Join us for a free online artist talk series to coincide with the exhibition I am a heart beating in the world: Diaspora Pavilion 2. Facilitated by co-curator Mikala Tai, these creative conversations invite audiences to watch or listen in over lunchtime breaks.

Program

  • 25 August, 12:30-1:00 pm AEST – Abdul-Rahman Abdullah
  • 1 September, 12:30-1:00 pm AEST -Leyla Stevens
  • 8 September, 12:30-1:00 pm AEST -To be announced


This is an Auslan interpreted series.

Register for the Zoom talk series here.


4A Centre for Contemporary Asian Art, in partnership with the International Curators Forum (ICF) and Campbelltown Arts Centre, presents I am a heart beating in the world: Diaspora Pavilion 2 from 22 May – 17 October 2021. The virtual exhibition considers the navigations, imaginings and lived experiences of six artists based in Australia, the UK and the Caribbean: Abdul-Rahman Abdullah, Kashif Nadim Chaudry, Lindy Lee, Leyla Stevens, Zadie Xa and Daniela Yohannes.

Curated by Adelaide Bannerman, Mikala Tai and Jessica Taylor, the exhibition is an ongoing project that explores the distinct and shared reality of living at a distance to ancestral homes. Belonging to a diaspora means that connection to these ancestral homes is often maintained through memories, myths and traditions.  I am a heart beating in the world: Diaspora Pavilion 2 is as much an exhibition as it is a research project, underpinned by fieldwork and reviews of how artists, curators, theorists and institutions engage with diaspora as a topic.

Click here to learn more about the exhibition.


View the virtual exhibition below.


 

About the speakers:

Abdul-Rahman Abdullah (b. Port Kembla, Australia 1977 lives and works in Perth, Australia) is a sculptor whose practice explores the different ways that memory can inhabit and emerge from familial spaces. Drawing on the narrative capacity of animal archetypes, crafted objects and the human presence, Abdullah aims to articulate physical dialogues between the natural world, politics and the agency of culture. Recent exhibitions include The National, Museum of Contemporary Art, Sydney, Australia (2019), Dark Horizons, Pataka Art + Museum, Wellington, Aotearoa New Zealand (2017) and Magic Object; Adelaide Biennale of Australian Art, Adelaide, Australia (2016).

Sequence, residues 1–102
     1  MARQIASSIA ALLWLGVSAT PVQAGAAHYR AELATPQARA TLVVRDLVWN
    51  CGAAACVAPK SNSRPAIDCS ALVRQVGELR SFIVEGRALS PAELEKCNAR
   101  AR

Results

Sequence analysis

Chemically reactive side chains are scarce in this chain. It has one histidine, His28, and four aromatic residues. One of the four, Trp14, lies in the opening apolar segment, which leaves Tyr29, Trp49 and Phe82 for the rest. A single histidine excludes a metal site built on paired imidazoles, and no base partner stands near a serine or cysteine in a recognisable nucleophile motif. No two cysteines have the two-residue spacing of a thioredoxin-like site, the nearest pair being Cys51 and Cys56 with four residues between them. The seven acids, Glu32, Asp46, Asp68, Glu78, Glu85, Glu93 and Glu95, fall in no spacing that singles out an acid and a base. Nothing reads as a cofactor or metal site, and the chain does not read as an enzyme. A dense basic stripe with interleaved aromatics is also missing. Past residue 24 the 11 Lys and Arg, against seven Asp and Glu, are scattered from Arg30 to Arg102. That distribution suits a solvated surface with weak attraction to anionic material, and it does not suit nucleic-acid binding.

Leyla Stevens (b. Cooroy, Australia 1982, lives and works between Bali, Indonesia and Sydney, Australia) is an Australian-Balinese artist and researcher who works predominantly within moving image and photography. Her practice is informed by ongoing concerns around gesture, ritual, spatial encounters, transculturation and counter histories. Working within modes of representation that shift between the documentary and speculative fictions, her work deals with a notion of counter archives and alternative genealogies. In 2021, Leyla Stevens was awarded the 66th Blake Prize for her work Kidung/Lament. Recent exhibitions include her solo presentations Dua Dunia, curated by Rachel Ciesla, at PS Art Space, Perth Festival (2021), A Line in the Sea, West Space, Melbourne, PHOTO 21 Festival (2021), Their Sea is Always Hungry, UTS Gallery, Sydney, Australia (2019). Recent group exhibitions include The National 2021, Art Gallery of News South Wales (2021), Breathing Room (collaboration with Woven Kolektif), Cement Fondue, Sydney, Australia (2019), BEAUT 19, Brisbane & Elsewhere Art UnTriennial, Brisbane, Australia (2018) and the John Fries Award, UNSW Galleries, Sydney, Australia (2018).

Mikala Tai is a curator, researcher and academic specialising in Australian and Asian art and is currently the Head of Visual Arts at the Australia Council for the Arts. Most recently she was the Director of 4A Centre for Contemporary Asian Art where she collaborated with local, national and international organisations to strengthen ties between Australia and Asia. Recent curatorial projects include ‘Nusra Latif Qureshi: Strategies of Intent’ (2019), ‘Xiao Lu: Impossible Dialogue’ (2019) co-curated with Claire Roberts and Xu Hong and ‘Justine Youssef: All Blessings, All Curses’ (2018). She has taught at undergraduate and postgraduate level at Monash University, Melbourne University and Royal Melbourne Institute for Technology and regularly contributes to publications and catalogues such as ‘Abdul-Rahman Abdullah: Everything is True’ (John Curtin Gallery, 2021), ‘She Persists’ (NGV, 2020), Ocula, Art Collector, Art Monthly, Vault and Photofile. In 2015 she received her PhD from UNSW Art & Design examining the influence of the Global City on China’s local art infrastructure.